• Hype: "Mr." Benjamin is returning soon and has a music video to prove it. 
  • Backstage: Todd Grisham has got Triple H for a few pre-match thoughts....  the gist of HHH's thinking is this: that Randy Orton is good, but he didn't become great until he joined HHH and Evolution.  And now, he may be great himself, but he's still not as great as HHH.  Tonight, he'll show the world he MADE Orton by breaking him. Just like Orton spat in his face, HHH will spit in all the faces of the fans by taking back his World Title. Pretty good intense stuff by HHH, here, actually. Focused, believably, not too wordy...  I likey.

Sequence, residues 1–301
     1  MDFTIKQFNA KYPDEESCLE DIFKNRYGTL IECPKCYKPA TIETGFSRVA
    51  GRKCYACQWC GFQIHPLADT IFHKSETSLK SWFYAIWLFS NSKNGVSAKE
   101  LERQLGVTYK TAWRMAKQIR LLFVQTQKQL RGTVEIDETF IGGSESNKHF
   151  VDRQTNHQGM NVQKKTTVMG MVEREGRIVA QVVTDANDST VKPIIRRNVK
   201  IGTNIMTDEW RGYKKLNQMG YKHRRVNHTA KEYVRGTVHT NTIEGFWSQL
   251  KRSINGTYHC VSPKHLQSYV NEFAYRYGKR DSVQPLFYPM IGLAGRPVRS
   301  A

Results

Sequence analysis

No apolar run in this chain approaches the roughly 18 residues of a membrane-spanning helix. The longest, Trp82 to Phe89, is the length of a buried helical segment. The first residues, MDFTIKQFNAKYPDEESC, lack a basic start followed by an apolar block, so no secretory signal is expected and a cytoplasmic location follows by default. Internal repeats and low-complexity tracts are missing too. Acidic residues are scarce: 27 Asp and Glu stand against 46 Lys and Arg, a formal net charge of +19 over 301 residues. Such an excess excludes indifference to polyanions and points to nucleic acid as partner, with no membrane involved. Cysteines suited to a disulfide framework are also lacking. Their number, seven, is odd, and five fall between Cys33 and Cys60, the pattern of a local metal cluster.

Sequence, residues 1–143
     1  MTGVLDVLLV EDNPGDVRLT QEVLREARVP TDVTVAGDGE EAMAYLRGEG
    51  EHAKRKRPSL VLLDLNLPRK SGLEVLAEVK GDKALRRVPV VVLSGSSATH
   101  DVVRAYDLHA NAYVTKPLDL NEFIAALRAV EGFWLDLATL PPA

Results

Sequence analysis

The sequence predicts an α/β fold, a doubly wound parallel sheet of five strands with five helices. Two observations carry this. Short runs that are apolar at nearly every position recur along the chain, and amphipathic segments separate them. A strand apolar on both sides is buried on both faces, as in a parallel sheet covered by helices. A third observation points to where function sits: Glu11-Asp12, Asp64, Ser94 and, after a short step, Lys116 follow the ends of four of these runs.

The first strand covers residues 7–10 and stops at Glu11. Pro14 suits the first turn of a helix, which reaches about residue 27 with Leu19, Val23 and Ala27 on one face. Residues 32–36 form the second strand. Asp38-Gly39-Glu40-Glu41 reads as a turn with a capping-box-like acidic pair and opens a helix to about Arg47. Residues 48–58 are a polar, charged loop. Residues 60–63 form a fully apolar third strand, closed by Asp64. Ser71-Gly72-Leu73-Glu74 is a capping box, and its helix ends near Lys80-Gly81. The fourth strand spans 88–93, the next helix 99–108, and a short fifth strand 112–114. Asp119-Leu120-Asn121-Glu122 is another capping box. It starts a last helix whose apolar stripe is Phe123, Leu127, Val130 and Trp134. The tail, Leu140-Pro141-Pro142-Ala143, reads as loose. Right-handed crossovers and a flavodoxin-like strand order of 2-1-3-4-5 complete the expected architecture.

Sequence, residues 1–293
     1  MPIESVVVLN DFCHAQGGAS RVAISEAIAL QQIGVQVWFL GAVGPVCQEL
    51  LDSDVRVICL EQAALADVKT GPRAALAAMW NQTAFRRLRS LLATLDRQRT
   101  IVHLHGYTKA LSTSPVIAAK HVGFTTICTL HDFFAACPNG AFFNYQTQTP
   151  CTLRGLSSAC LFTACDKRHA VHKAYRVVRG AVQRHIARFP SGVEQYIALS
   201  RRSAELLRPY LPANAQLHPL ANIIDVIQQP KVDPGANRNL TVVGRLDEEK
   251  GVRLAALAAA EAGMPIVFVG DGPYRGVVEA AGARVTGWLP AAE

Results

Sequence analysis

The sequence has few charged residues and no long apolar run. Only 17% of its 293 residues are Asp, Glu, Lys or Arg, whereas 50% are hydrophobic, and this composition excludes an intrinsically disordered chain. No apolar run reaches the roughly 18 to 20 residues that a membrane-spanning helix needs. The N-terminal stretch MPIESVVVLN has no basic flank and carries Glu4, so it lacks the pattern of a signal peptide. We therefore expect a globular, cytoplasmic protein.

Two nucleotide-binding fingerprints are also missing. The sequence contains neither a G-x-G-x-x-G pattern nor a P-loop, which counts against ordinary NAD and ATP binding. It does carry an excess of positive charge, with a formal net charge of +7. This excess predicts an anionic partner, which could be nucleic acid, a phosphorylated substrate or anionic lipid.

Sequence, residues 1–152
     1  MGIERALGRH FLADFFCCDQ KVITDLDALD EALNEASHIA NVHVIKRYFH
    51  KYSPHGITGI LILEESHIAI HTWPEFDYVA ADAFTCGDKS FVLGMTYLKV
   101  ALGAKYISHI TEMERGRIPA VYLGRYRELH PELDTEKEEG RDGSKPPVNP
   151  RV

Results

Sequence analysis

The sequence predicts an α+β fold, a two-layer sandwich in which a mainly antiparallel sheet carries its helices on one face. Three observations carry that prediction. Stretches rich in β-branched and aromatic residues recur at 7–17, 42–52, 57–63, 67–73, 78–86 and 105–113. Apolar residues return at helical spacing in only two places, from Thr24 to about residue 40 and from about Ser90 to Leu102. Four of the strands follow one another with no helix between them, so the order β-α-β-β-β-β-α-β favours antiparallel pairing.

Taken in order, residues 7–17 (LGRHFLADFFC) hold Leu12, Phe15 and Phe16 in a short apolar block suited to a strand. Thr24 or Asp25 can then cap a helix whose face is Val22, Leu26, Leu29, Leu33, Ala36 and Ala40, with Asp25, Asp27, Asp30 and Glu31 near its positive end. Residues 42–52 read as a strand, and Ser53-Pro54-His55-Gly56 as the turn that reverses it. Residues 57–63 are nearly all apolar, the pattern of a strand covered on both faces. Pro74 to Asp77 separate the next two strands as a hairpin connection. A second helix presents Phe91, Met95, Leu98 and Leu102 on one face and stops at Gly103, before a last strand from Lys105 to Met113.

• La Resistance beat Tajiri/Rhyno to retain the Tag Team Titles. Dammit!  I KNEW I should have followed my gut and not pussed out on my PPV picks....  just basic formula tag match, here.  Rhyno did a quasi-face-in-peril segment first, then got a tag to Tajiri, who did a second face-in-peril bit.  Around the 8 minute mark, Tajiri made the hot tag to Rhyno, and Chaos Broke Loose.  It seemed like we had new champs after Tajiri cleverly used a flag pole to whack Conway in the balls and then Rhyno followed up with a Gore, but Grenier broke that up. As Tajiri got distracted with taking out Grenier (and as the ref got distracted by Tajiri's distraction), a recovered Conway was able to use the aforementioned flag pole to hit Rhyno in the head.  He made a cover, and the ref turned around to count 3.  So those cowardly weasels retain the titles again!  About 10-12 minutes.  [Nothing special here, and as much as I like the idea of dragging this out to make La Resistance look like ultra-effective pussies, the declining crowd heat throughout the match suggests maybe this WAS the time to change the titles.  I dunno.  Good and solid, but lacking the sizzle I'd thought it'd have had given the time that's gone into the story.]